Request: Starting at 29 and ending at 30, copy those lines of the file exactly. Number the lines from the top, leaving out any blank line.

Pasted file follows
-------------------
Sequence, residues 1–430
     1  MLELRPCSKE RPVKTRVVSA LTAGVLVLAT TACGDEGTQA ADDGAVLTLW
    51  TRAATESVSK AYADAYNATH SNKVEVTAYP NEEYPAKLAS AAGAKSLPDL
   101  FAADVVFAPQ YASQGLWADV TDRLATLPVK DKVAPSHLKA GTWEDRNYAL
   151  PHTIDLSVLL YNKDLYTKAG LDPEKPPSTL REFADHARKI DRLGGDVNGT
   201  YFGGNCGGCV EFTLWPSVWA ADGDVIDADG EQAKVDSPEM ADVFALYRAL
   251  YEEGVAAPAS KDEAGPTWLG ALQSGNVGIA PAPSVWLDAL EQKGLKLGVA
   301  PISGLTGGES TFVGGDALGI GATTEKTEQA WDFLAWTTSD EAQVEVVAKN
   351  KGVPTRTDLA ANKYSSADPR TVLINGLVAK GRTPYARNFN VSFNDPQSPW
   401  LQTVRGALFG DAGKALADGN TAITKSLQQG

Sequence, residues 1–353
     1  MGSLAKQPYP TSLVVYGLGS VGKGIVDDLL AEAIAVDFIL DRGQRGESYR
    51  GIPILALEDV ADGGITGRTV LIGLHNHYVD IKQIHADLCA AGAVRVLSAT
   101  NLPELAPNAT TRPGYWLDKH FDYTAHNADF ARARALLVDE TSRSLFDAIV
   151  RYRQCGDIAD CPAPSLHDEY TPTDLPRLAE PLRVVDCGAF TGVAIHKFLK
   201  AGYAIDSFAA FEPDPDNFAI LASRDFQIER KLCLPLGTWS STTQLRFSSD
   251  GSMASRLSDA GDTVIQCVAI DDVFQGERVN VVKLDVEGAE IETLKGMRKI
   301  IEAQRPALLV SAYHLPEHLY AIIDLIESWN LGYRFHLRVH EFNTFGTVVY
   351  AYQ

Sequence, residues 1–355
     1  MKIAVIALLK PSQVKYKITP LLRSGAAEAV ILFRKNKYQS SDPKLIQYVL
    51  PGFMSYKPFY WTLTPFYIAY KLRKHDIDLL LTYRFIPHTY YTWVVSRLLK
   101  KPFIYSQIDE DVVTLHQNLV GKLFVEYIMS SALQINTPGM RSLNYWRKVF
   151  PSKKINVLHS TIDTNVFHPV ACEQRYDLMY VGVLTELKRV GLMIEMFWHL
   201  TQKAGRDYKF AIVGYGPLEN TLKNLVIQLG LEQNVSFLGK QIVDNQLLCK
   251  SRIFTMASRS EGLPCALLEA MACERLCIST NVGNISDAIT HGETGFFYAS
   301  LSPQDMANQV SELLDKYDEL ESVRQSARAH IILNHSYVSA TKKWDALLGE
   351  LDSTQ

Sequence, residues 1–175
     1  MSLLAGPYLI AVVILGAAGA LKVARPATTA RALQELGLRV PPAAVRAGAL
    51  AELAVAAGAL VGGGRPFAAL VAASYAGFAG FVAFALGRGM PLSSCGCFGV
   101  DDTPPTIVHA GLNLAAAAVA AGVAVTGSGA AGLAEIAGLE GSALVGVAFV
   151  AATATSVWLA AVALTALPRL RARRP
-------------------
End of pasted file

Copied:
Sequence, residues 1–175
     1  MSLLAGPYLI AVVILGAAGA LKVARPATTA RALQELGLRV PPAAVRAGAL